Lindsey Graham must testify in 2020 election probe, Supreme Court rules
The Supreme Court on Tuesday rejected Sen. Lindsey Graham's (R-S.C.) petition to temporarily block a subpoena seeking his testimony as part of a Georgia probe into efforts to overturn the 2020 election.
Why it matters: The move comes after Graham filed an emergency request to the court arguing that he is shielded from such probes as a sitting senator. It's the latest development in Graham's bid to avoid giving testimony in a case that has entangled Trump allies.
- Justice Clarence Thomas had temporarily blocked the subpoena as an "administrative stay" while the court decided on Graham's request for relief.
What they're saying: "The lower courts assumed that the informal investigative fact-finding that Senator Graham assertedly engaged in constitutes legislative activity protected by the Speech or Debate Clause [...] and they held that Senator Graham may not be questioned about such activities," the Supreme Court's unsigned order states.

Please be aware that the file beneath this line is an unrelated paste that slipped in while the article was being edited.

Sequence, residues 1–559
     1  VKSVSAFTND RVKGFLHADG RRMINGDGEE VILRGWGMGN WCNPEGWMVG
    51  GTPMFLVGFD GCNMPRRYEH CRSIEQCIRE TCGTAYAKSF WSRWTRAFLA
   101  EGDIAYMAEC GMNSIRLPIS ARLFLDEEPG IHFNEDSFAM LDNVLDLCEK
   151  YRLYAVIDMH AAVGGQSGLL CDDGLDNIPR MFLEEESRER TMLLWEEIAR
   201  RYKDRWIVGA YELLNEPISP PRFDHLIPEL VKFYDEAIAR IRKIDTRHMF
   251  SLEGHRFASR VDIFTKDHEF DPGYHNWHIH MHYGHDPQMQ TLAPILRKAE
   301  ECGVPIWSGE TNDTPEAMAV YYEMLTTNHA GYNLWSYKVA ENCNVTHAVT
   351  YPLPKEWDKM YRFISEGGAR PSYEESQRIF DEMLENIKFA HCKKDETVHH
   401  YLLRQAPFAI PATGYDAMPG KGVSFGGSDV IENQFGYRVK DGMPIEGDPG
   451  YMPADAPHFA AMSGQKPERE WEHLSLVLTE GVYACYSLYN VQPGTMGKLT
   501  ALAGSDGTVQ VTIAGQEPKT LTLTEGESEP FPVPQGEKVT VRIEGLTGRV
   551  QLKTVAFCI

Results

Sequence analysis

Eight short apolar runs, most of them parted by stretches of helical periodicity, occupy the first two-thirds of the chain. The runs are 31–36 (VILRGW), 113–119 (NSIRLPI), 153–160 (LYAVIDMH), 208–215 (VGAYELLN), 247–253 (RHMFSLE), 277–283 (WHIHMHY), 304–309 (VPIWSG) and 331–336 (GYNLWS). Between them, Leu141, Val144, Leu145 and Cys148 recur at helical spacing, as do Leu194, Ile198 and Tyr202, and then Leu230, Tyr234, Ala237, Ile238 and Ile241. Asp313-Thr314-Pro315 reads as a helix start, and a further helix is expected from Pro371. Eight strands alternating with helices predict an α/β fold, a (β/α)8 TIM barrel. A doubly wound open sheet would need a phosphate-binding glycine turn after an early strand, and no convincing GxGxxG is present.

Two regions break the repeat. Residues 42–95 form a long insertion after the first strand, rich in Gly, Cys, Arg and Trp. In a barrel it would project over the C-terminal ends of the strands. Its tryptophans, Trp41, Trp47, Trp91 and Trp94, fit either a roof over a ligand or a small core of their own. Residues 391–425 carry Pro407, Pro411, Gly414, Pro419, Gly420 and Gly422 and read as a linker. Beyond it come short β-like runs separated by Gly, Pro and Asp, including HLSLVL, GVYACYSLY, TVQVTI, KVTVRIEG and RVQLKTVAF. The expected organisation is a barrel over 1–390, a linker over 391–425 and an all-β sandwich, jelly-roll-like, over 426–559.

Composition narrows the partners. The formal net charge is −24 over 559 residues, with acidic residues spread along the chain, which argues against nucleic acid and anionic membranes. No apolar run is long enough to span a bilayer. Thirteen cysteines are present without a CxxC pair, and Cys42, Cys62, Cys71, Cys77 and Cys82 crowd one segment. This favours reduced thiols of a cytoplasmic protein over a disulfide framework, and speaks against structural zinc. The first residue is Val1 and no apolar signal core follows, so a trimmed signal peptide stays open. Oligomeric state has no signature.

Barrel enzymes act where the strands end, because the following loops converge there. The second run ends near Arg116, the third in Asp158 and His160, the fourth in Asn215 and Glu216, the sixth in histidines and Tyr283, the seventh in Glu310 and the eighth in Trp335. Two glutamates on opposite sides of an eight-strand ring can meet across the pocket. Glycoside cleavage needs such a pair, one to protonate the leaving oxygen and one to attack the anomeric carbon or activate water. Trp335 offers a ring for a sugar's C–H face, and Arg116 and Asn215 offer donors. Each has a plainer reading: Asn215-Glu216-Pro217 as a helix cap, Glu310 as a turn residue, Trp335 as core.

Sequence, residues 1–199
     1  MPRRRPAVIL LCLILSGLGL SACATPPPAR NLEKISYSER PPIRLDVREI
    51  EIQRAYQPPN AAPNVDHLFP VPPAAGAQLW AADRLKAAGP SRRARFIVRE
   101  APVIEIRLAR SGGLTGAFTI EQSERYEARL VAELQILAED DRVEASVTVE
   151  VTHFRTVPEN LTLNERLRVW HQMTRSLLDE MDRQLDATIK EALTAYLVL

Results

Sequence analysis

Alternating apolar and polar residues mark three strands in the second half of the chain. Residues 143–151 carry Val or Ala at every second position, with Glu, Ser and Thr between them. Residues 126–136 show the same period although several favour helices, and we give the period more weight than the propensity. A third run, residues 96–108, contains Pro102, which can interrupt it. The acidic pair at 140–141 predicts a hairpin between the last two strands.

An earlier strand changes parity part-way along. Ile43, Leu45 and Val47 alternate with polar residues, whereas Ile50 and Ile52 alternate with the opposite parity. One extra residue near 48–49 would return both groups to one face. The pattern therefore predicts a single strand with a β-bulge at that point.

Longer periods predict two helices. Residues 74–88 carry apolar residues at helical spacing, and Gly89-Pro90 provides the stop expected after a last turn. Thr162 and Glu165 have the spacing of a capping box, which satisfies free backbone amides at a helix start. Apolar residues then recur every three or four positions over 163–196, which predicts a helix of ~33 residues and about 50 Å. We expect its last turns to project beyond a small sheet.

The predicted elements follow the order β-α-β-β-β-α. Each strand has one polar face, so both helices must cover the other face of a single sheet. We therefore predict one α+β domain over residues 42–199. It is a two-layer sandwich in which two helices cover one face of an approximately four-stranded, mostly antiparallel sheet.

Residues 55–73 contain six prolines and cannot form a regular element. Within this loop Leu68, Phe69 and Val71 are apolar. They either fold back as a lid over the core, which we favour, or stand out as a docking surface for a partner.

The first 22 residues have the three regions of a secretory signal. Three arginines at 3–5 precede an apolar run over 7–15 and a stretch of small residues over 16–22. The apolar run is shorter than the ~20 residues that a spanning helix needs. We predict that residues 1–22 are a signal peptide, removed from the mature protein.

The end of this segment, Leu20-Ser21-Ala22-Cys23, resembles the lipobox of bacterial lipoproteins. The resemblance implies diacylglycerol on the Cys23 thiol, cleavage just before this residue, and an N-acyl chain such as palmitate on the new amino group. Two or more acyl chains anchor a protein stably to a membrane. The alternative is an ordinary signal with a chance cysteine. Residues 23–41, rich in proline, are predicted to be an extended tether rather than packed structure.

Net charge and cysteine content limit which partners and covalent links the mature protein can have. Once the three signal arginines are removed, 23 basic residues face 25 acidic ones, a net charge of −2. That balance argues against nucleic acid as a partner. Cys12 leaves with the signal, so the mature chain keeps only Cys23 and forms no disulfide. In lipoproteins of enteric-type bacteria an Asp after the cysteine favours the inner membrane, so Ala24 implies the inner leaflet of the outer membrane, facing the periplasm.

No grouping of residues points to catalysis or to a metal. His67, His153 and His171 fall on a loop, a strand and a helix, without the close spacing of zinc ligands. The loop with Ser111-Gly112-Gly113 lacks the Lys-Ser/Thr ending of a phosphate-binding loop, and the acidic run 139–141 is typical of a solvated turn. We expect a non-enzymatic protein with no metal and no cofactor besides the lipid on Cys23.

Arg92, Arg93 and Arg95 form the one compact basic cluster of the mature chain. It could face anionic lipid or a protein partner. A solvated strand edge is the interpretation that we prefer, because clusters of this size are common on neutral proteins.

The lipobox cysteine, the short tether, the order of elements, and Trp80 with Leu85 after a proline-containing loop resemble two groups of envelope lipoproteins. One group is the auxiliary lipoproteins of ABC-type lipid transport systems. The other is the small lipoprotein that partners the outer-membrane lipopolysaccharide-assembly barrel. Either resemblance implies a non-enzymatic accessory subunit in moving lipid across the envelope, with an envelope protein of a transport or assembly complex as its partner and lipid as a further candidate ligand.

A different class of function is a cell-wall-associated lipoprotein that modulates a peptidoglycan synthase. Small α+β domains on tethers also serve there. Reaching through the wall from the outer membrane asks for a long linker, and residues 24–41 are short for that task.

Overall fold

- "The lower courts also made clear that Senator Graham may return to the District Court should disputes arise regarding the application of the Speech or Debate Clause immunity to specific questions."
- "Accordingly, a stay or injunction is not necessary to safeguard the Senator's Speech or Debate Clause immunity," says the order, which did not note dissents.
Worth noting: Fulton County prosecutors had said in response to Graham's request that the special grand jury overseeing the investigation "will unquestionably face delays and disruptions that will affect the entirety of its tenure" if the court temporarily blocks the subpoena.
Editor's note: This story has been updated with additional details from the order.